within the last few days. Colorado's favorable
and early action is also expected, so that 18,
or one-half of the total required number, will
be on record in the affirmative.
The trouble is that not enough legislatures
to put the federal amendment into effect in
time for the national election are scheduled
to meet next year, so that unless the woman
suffragists are to be disappointed it will be nec
essary for a considerable number of governors
to call special sessions. "The question is whether
a sufficient group of executives can be pre
vailed upon to summon the lawmakers. J
As woman suffrage is bound to come very
soon, it would be a proper and gracious policy
for governors and legislatures everywhere to
acquiesce in the fact and give all the women of
the country a chance to participate in the 1920
election. Twelve millions of them are eligible
to do so, anyway, under state laws Providence
Our Free Legal Aid
State your, case clearly but
briefly and a reliable lawyer
will furnish the answer or
advise in this column. Your
name will not be printed.
Let The Bee Advise You,
Custody of Children.
X. T. Z. The court in granting
the custody of children takes into
consideration solely the beet inter
ests of the child, Irrespective of the
wishes of the parents. .
Marriage of Cousins.
I. J. Please answer in your Fret
Legal Aid column if marriage, be
tween cousins is legal in- Iowa. If
not, since when? . My cousins were
married, last spring.. If it isn't legal,
what can they do?
Answer Marriage of first cousins
is prohibited m Iowa.
' Federal Road.
S. C. F. If a county don't build
the federal road on the railroad
right-of-way can it get its portion of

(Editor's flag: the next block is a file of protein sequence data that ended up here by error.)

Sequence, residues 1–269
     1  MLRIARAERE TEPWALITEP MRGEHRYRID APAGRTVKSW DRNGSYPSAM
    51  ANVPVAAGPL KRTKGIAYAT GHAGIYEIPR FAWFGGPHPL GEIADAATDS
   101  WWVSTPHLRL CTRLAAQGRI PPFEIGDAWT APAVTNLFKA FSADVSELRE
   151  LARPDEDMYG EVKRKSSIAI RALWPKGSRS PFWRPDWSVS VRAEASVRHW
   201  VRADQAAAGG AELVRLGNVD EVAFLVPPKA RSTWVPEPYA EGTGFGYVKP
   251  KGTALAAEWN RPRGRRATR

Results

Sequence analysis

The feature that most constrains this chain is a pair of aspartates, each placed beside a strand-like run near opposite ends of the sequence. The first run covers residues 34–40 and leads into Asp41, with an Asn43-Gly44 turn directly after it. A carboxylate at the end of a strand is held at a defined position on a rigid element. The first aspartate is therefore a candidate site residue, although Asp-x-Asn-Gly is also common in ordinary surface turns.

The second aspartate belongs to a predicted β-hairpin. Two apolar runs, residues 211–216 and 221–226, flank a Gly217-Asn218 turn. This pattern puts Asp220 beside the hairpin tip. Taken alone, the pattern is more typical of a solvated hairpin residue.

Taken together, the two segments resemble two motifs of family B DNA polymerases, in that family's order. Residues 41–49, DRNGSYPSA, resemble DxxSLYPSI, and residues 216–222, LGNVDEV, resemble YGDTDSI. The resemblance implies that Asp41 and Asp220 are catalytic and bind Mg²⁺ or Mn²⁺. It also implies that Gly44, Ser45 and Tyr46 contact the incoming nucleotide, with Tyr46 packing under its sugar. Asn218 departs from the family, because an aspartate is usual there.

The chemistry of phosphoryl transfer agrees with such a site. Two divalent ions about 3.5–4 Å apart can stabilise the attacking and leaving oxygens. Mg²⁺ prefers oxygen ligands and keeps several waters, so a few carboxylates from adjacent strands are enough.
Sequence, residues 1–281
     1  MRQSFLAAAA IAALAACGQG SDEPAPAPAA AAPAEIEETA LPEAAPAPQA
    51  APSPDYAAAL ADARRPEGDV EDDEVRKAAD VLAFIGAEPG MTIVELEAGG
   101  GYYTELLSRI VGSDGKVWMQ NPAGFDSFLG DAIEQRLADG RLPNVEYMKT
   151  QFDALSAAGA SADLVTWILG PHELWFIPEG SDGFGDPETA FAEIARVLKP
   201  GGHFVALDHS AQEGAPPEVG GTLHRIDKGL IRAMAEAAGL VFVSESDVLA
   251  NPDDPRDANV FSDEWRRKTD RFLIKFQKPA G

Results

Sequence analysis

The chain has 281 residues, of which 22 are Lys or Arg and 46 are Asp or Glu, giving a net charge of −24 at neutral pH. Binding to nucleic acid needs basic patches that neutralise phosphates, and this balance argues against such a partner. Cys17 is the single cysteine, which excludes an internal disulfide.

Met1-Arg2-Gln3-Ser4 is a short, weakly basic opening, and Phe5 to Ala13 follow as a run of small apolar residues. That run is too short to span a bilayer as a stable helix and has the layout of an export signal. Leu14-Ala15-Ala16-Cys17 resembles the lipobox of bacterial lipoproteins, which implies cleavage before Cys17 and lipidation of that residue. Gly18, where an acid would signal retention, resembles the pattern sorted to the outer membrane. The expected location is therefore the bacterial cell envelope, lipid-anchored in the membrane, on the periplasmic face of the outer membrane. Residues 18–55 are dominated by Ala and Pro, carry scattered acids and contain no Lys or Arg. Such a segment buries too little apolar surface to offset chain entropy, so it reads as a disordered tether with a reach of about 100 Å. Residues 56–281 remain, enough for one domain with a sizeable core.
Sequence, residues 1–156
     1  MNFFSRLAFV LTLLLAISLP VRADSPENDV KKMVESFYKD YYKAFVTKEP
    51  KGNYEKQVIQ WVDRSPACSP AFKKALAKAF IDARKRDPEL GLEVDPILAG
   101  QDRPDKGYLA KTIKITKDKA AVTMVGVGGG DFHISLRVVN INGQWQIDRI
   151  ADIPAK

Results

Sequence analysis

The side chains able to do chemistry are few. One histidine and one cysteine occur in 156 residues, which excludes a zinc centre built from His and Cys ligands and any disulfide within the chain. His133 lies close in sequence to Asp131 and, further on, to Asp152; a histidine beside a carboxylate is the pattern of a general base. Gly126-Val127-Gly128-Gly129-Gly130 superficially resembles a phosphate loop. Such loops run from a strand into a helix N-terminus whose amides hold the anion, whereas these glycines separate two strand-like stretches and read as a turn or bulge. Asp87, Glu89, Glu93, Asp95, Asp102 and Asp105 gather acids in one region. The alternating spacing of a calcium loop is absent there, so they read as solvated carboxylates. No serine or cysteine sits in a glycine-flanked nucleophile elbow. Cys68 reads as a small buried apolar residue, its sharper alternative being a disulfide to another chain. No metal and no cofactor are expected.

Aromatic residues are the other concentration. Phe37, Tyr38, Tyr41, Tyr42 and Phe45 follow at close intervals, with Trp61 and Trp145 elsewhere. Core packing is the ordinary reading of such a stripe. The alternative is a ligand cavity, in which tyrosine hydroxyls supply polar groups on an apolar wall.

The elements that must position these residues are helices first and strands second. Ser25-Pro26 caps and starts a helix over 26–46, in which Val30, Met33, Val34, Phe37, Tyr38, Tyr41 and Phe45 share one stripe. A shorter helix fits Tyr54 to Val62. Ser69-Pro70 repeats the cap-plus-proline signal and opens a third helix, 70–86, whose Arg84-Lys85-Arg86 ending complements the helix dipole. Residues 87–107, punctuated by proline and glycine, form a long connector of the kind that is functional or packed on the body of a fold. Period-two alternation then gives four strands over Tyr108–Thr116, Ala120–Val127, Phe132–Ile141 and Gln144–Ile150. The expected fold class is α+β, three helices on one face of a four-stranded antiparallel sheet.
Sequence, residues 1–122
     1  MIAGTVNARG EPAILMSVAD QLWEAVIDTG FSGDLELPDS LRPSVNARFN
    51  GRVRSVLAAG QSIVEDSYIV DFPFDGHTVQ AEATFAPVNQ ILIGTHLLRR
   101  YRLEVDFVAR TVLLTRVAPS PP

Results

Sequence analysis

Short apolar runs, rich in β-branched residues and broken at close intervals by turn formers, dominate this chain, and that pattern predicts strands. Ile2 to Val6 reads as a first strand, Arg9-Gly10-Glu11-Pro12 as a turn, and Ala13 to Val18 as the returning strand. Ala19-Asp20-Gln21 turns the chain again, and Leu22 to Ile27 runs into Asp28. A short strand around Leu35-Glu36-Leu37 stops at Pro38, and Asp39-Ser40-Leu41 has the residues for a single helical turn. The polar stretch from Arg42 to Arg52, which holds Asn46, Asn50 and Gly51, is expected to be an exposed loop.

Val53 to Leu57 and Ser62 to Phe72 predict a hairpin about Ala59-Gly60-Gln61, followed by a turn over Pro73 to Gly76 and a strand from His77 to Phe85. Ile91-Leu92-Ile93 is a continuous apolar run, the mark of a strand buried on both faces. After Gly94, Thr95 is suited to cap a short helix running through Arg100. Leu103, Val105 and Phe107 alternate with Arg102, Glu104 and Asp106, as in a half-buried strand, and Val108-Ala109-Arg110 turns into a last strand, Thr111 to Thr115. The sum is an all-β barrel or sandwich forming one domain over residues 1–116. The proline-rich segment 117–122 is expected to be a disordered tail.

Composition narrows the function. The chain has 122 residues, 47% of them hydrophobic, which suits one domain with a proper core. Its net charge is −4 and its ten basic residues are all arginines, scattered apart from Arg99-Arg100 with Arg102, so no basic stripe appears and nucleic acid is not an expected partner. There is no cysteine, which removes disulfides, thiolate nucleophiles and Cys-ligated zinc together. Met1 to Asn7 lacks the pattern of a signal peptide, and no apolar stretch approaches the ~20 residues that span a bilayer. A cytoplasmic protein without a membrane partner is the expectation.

the federal money and does the land
have to be deeded to the government
the federal road is built on?
Answer A. It can. B. The
land is not deeded to government
t-K ivi ivi r u in
A AA A. A 1. A A-J r. .' ' W
B) JJrtfiur "Drooks Baker
JOHN H. BEVERIDGE.
The lessons which humanity has garnered
from the past are predisposed to leaking and
to leaking mighty fast. Old nature drilled her
wisdom through the skulls of ancient men, but
more than 99 per cent must all be taught again;
for bangs upon a damsel's brow, methodically
curled, are more attractive than the lore which
underlies the world.
The task we set the public schools is promi
nent and tough. The intellect of juveniles is
of contrary stuff. To mold it and promote it
we require a man of parts, a Hannibal for
strategy, an Angelo in arts. We find in John
H. Beveridge a master of the tools for polish
ing the infant minds which fill the public
For he's the chief and principal, the high
and mighty head by whom the final verdicts of
authority are said. He marshals the assistance
of a thousand blushing ma'ams; he gives them
tactful orders with obsequious salaams; he
hands them fluff and flattery or mandates chaste
and cold whatever they require to make them
do as they are told.
He wants to build a junior high; it is the
modern trend among the horticulturists with
human twigs to bend. To call a kid a sopho
more when he is six or eight assists the spell
ing of the word to settle in his pate. The
kindergartens soon will ape the poses of the
college, and four-year-olds will trmble under
neath their weight of knowledge. v
(Next Subject Everett Buckingham.)
E. L. R. Will you please tell
through The Bee if one would make
a will and have a notary public put
their stamp on, would it hold in
law and would that' be all' that
would be necessary to be done?
Answer The will would be void.
Better secure the services of a
Claim Against Government.
H. A. Will you please answer in
your valued . paper the following
question of law: Two months ago,
the 18th of this month, I ordered
$68 worth of groceries from the
government, through the postofflee
here, and have never received them.
How must I go at it to recover my
Answer Write to the United
States district attorney, Omaha.
, Divorce Custody of Children.
W. E. S. Kindly, answer the fol